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Intel Pentium D & Pentium 4 670

Leicester Square seems to have almost karmic significance for me at the moment and in a few hours I’ll be visiting it for the third time in only two weeks. This time it isn’t to see Star Wars: Episode III but is instead to attend a launch of Intel’s latest technology.

If it were a film though, it would probably be called Two Processors and a Chipset. The stars of this little show are Intel’s latest Pentium 4 – the 670, taking the range up to a heady 3.8GHz. Joining this in Intel’s quest for Galactic domination is the launch of a new chip, the Pentium D. Signalling the arrival of dual-core technology for the consumer this is a great leap forward. The Pentium D is launching in three flavours – the 820, the 830 and the 840 running at 2.8, 3.0 and 3.2GHz respectively. Accompanying the new processor is a new chipset to put it in – the 945 Express available with and without the ‘new and improved’ integrated graphics – 945G with, and 945P, without.

In a sense we’ve already taken a sneek peek at Pentium D here, when Leo got up close and personal with the Pentium Extreme Edition (EE). As Leo pointed out, essentially the only difference between the EE and the Pentium D is that the latter doesn’t feature Hyper Threading, so at launch consumers will have to make do with two cores, instead of the two real and two virtual ones that those extreme gamer types who apparently line up to buy Extreme Edition CPUs will enjoy. Leo was able to turn off Hyper-Threading on the 955X Express chipset motherboard, thus turning the EE into a Pentium D. However, his chip was running at 3.2GHz, while our sample is the baby of the pack running at a mere 2.8Ghz.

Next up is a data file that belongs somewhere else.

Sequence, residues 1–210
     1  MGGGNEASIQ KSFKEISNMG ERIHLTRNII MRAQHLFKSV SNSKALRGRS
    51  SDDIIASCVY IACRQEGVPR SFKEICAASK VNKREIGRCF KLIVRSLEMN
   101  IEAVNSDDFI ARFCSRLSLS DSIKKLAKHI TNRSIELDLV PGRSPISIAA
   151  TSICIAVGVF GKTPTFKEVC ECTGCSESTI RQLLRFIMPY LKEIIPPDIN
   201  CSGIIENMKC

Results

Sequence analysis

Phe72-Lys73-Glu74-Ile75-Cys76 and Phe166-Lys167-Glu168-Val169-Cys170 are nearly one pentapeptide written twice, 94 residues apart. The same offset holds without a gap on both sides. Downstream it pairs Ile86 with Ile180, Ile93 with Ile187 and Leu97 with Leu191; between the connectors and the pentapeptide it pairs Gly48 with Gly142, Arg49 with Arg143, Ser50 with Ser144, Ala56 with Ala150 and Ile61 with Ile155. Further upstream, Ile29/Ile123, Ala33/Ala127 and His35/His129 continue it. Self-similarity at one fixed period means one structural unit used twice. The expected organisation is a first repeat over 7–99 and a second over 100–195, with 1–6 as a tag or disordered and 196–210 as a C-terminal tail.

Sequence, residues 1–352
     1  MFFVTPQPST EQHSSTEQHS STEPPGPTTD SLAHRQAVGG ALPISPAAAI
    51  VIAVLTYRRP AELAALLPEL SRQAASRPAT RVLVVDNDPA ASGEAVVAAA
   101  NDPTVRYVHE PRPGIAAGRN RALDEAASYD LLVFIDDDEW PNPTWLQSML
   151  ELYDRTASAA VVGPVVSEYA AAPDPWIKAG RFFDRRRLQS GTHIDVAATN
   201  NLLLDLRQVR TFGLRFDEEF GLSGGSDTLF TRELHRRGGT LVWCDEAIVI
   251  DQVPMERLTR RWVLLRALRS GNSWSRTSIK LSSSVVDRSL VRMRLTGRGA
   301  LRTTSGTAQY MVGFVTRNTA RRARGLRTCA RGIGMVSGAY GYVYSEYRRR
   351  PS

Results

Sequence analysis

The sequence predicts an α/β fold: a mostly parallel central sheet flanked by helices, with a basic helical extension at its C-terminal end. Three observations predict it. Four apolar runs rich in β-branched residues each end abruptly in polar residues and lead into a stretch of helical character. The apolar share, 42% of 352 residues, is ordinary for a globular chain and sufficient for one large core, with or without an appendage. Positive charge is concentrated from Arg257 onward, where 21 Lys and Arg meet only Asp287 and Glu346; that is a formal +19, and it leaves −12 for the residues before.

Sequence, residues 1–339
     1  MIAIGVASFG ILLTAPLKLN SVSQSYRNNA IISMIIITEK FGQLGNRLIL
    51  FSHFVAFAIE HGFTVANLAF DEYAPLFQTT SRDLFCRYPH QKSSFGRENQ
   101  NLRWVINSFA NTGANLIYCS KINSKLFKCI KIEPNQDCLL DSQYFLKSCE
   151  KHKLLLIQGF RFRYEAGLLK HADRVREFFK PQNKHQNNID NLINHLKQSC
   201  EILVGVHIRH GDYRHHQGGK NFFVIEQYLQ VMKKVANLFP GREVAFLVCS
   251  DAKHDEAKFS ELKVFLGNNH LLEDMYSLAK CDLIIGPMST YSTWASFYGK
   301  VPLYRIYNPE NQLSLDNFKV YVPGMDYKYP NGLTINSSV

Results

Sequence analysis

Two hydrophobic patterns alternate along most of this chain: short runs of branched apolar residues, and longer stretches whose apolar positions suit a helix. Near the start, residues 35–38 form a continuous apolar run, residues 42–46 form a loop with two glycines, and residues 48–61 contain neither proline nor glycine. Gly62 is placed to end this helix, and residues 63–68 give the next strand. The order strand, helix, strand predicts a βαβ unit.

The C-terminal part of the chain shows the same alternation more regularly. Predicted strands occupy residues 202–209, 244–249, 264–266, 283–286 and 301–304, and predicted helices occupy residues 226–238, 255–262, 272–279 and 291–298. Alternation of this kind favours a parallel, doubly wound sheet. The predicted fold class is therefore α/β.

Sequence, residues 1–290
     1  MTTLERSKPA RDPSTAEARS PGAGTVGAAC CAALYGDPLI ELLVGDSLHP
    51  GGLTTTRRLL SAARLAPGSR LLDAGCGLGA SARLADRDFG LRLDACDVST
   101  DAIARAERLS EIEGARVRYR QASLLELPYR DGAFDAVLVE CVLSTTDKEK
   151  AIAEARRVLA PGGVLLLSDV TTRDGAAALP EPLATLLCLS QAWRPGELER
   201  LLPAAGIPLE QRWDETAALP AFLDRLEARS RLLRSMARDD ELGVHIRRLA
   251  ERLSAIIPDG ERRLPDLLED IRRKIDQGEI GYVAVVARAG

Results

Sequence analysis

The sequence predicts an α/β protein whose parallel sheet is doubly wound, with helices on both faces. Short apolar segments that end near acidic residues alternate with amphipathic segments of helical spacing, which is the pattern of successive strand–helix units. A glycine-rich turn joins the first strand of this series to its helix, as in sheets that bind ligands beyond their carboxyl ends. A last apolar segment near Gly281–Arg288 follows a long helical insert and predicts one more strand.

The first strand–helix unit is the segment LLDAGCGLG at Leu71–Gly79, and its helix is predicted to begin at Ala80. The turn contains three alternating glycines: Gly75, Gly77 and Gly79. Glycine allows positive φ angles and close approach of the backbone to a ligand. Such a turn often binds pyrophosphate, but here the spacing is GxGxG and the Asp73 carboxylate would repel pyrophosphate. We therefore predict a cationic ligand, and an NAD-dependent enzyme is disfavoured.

Intel has decided in its wisdom to pitch the processors at two camps - the Pentium 4 for the ‘digital office and the Pentium D for the ‘digital home’. The thinking behind this is that while dual core is the way to go for the home, business users will for now, gain more benefit from the higher clock speeds achievable with the single core. So it seems as if there’s still a little more life left in regular Pentium 4.

The standard Pentium 4 is the culmination of Intel’s long search for raising clock speeds as the path to performance and as a marketing tool with which to hammer AMD over the head. However, high clock speeds require the use of long data pipelines, thereby increasing the power requirements – which was one of the reasons why the Pentium 4 ‘Prescott’ was such a power hog with a Thermal Design Power (TDP) over 100 Watts.

But Intel, along with the rest of the industry has realised that clock speed was no longer way to go. AMD dropped using clock speeds to denote the performance of its chips some time ago and Intel followed suit. Then Intel introduced dual-core on its latest Extreme Editon processor and AMD quickly followed with dual-core Opteron. Meanwhile, Sony has been making big noises about the parallelism of the Cell processor architecture used in its forthcoming PlayStation 3, while the Xbox 360 features no less than a three CPU cores. These are running at 3.2GHz with 2MB of Level 2 cache. These might sounds suspiciously like Intel’s Pentium D but are, in fact, PowerPC chips manufactured by IBM. So not Intel at all then. Intel and AMD's rouadmaps also include moving eventually from dual-core to multi-core. So clearly the single core chip days are numbered.

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